If you want to attack, you’ll need to go into stealth mode which is a total misnomer considering this is actually your heavy battle mode. In stealth mode, your control scheme changes—for no good reason. Steering is now controlled with the d-pad, and strafe and throttle are controlled with the analog stick. No, I’m not kidding. The game needlessly complicates things by remapping your controls in the middle of battle. The camera doesn’t change its angle unless you use the turning controls, so it’s not even like you can ignore the control scheme change and strafe all the time. That’s just mean.
While in stealth mode, you can fire a main gun which costs no ammo, or a secondary weapon which costs “Energon Ammo” to fire. Unfortunately, both of these weapons are extremely boring. The main gun is near useless regardless of its fast rate of fire. It’s basically just there to make you feel good when you don’t have Energon Ammo. The secondary weapon is supposed to be different for each Transformer, but more often than not it’s just some variety of missile. These are literally your only two options of attack in the game.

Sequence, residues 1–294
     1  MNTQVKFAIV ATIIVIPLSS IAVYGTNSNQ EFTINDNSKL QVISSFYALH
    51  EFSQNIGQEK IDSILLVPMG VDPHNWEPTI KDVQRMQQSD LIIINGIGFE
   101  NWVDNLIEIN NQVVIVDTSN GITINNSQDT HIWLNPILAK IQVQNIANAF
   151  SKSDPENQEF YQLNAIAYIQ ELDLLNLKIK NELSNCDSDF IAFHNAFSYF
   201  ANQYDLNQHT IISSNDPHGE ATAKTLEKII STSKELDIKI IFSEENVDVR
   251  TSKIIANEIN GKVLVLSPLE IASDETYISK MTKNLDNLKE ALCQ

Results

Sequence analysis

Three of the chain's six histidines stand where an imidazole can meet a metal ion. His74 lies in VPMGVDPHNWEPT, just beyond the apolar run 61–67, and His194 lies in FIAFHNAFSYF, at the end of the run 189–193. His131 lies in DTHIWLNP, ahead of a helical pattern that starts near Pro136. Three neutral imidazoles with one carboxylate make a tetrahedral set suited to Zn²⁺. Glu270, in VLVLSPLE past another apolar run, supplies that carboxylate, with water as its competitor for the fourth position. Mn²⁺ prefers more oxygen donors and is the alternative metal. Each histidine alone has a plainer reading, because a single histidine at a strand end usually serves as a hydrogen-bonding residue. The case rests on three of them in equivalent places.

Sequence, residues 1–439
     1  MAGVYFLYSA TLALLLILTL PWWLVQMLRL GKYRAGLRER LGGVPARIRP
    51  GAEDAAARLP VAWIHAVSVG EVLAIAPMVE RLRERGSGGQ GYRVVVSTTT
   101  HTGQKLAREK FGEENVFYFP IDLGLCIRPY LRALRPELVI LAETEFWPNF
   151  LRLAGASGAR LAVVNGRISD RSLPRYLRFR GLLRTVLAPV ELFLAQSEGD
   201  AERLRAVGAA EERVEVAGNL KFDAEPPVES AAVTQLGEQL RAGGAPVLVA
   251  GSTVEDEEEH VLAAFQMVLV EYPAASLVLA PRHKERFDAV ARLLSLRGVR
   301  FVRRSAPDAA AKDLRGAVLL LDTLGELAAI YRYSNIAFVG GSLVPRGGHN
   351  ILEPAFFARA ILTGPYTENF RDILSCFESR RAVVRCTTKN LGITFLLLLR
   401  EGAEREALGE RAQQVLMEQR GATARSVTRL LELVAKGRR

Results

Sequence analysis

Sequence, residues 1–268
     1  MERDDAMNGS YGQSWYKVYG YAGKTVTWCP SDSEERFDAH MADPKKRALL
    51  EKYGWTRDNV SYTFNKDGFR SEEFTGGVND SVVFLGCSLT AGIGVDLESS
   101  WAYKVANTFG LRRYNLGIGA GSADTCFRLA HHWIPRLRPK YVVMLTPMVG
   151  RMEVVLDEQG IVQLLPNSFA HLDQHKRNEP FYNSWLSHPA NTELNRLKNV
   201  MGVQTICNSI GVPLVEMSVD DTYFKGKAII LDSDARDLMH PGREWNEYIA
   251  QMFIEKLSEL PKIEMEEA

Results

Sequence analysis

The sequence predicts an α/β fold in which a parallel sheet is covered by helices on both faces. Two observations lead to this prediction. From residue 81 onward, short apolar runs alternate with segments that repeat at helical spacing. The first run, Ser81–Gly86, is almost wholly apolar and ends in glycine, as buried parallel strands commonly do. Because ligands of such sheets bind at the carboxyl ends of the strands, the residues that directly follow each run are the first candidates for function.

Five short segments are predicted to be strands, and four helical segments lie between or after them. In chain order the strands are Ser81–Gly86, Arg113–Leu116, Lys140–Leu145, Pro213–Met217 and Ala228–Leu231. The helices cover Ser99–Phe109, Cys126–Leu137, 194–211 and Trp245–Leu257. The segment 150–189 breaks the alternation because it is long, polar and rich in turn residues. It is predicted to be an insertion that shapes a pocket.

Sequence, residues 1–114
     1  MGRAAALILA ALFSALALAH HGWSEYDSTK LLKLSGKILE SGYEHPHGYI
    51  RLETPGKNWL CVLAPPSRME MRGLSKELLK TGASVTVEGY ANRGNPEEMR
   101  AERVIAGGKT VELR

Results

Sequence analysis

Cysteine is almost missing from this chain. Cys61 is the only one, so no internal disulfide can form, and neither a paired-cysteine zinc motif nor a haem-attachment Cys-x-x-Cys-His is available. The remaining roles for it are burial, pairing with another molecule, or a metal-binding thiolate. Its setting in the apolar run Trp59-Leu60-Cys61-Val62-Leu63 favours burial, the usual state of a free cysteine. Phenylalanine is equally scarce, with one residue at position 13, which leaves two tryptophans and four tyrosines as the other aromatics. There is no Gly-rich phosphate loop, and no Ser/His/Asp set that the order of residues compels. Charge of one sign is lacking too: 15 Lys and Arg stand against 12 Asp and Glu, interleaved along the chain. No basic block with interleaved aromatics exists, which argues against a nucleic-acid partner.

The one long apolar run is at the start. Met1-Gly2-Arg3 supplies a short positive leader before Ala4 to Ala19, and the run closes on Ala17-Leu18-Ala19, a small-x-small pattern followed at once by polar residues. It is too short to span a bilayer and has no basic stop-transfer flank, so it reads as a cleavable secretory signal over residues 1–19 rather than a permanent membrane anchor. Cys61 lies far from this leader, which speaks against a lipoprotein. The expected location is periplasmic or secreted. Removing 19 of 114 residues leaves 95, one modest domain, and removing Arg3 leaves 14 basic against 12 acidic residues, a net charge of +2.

To use stealth mode you need to collect Energon cubes that refill your health and stealth force meter. While in stealth mode, your stealth force meter drains, and if it’s reduced to zero, you’ll revert back to vehicle mode (well, more boring vehicle mode). Remember, in vehicle mode all you can do is run away. This basically means you are forced to continuously refill a meter just to play the game. This also means that half of any mission is wandering around looking for Energon cubes while your enemies, who apparently don’t have the same restriction, pelt you with bullets until you die.
Speaking of enemies, where did all these Decepticons come from? Most of the game is spent blowing up nameless, faceless, Decepticon grunts. Every so often, a major villain stops by, but that’s only after you have destroyed several foot soldiers. It’s almost like Dynasty Warriors on wheels. The training mission alone tasks you with blowing up thirteen Decepticons. That’s more than were in the movie.